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Carrier concentration

The density of itinerant carriers depends on doping, but not in a simple way. In the low doping $x$ regime, the carrier concentration $n$ approximately follows the rule $n\approx x$, instead of $n = 1 + x$ that would be expected from non-interacting electron band theory.

One way that is used to determine effective value of carrier density is from optical conductivity. This method relies on the application of the Drude model of conductivity, which for isotropic impurity scattering with rate $1/\tau$ gives $\sigma(\omega) = n e^2\tau /(1 + i\omega\tau)$. Within this model, integration of the real part of optical conductivity gives a measure of mobile carrier density.
For hole-doped cuprates, however, $\sigma(\omega)$ does not have a simple Lorentzian form; instead, typically there is a sharp peak below 100 meV, followed by a broad hump up to 1 eV. The result of frequency integration, therefore, depends on the choice of the frequency integration window. For any integration window up to 1 eV the carrier density extracted this way increases with doping.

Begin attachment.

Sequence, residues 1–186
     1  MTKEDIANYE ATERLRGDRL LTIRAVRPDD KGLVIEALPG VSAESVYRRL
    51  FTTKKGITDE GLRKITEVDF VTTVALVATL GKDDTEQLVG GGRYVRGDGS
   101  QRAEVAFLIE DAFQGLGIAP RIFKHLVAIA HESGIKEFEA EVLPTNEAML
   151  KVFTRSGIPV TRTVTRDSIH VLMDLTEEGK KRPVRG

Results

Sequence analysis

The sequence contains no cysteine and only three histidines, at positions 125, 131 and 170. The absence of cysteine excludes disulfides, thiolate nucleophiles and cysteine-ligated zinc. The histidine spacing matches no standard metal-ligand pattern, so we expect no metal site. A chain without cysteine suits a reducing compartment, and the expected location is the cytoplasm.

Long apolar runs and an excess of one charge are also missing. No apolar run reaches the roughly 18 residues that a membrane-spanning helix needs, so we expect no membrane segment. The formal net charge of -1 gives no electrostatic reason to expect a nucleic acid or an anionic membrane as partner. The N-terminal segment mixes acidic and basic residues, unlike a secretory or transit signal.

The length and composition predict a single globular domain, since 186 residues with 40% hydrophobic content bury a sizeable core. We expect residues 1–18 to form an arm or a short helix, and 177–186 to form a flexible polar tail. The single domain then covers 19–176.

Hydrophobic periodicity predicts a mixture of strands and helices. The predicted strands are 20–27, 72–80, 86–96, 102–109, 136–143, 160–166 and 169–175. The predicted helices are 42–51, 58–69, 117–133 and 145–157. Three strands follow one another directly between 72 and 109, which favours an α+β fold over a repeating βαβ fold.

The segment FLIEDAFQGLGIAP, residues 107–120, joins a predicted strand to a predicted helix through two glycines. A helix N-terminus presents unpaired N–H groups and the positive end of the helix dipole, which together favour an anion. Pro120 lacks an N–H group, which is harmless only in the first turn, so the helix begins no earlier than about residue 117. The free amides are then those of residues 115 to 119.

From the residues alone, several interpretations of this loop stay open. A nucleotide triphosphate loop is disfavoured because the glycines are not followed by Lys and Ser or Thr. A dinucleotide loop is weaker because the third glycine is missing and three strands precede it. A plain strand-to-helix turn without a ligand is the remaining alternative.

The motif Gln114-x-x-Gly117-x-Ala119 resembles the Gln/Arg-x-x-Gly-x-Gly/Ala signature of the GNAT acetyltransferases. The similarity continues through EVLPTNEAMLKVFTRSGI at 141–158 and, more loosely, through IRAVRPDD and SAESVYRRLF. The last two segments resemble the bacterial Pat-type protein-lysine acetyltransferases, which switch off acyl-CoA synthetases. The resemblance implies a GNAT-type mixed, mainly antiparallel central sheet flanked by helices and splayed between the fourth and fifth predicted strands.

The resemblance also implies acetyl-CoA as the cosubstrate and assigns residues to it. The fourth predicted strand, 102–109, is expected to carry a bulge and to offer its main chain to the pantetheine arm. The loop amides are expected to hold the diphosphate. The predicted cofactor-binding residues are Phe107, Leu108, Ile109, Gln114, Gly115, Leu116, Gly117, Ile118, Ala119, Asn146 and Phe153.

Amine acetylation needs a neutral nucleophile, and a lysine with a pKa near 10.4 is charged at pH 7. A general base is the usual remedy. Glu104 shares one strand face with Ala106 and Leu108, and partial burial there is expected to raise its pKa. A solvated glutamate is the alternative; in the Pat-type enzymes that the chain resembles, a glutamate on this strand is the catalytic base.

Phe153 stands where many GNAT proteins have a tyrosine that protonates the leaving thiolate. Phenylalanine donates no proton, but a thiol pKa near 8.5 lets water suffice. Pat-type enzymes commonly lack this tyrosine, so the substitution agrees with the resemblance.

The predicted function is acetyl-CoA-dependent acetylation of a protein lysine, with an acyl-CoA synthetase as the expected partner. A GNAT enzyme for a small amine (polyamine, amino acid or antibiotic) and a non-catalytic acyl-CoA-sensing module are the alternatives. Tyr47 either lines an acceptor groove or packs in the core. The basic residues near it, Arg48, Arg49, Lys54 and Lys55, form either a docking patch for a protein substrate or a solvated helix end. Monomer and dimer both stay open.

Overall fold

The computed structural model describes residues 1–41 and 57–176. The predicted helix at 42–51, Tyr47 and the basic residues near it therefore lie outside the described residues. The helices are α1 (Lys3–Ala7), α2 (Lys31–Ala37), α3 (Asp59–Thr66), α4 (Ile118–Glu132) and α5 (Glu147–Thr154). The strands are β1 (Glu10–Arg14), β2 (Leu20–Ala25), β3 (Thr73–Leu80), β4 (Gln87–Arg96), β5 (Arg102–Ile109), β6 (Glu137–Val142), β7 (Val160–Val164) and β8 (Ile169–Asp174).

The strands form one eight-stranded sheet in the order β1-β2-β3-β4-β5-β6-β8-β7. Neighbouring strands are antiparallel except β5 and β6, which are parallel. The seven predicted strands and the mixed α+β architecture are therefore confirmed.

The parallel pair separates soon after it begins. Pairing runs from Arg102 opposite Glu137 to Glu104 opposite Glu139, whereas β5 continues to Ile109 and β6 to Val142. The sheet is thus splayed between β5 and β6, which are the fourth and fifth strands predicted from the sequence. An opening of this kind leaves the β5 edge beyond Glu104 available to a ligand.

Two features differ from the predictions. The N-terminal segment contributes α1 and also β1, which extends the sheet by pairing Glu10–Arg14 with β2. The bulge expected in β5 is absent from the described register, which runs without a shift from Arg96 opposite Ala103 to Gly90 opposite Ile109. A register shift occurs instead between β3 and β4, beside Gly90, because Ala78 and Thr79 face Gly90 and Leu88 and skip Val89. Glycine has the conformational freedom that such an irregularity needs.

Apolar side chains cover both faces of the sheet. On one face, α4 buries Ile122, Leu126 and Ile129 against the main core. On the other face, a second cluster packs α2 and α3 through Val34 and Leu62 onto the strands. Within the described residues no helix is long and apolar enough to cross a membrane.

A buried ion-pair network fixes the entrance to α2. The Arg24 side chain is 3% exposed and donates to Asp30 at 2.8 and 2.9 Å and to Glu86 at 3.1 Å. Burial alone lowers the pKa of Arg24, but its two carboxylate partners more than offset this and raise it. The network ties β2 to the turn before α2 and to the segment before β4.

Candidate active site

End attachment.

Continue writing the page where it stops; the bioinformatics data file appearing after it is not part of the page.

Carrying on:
Another way to extract the carrier density is based on the Hall effect measurement. Within the simplifying assumptions of a single scattering rate, the Hall resistivity is independent of this rate inversely proportional to the carrier density, $R_H = 1/(ne c)$. Experimentally, it has been found that the carrier density $n$ extracted this way is strongly temperature dependent. In the case of L$_{2-x}$Sr$_x$CuO$_4$, the temperature independent part is consistent with Sr doping, $n \approx x$, and the rest appears to be activated with the doping-dependent gap of about 0.1 eV that vanishes near optimal doping [1].

The results for the density obtained by these two methods are qualitatively consistent, see Fig. 1. [2]


  1. L. P. Gor’kov, and G. B. Teitel’baum, Phys. Rev. Lett. 97, 247003 (2006).
  2. W. J. Padilla, Y. S. Lee, M. Dumm, G. Blumberg, S. Ono, K. Segawa, S. Komiya, Y. Ando, and D. N. Basov, Phys. Rev. B 72, 060511(R) (2005).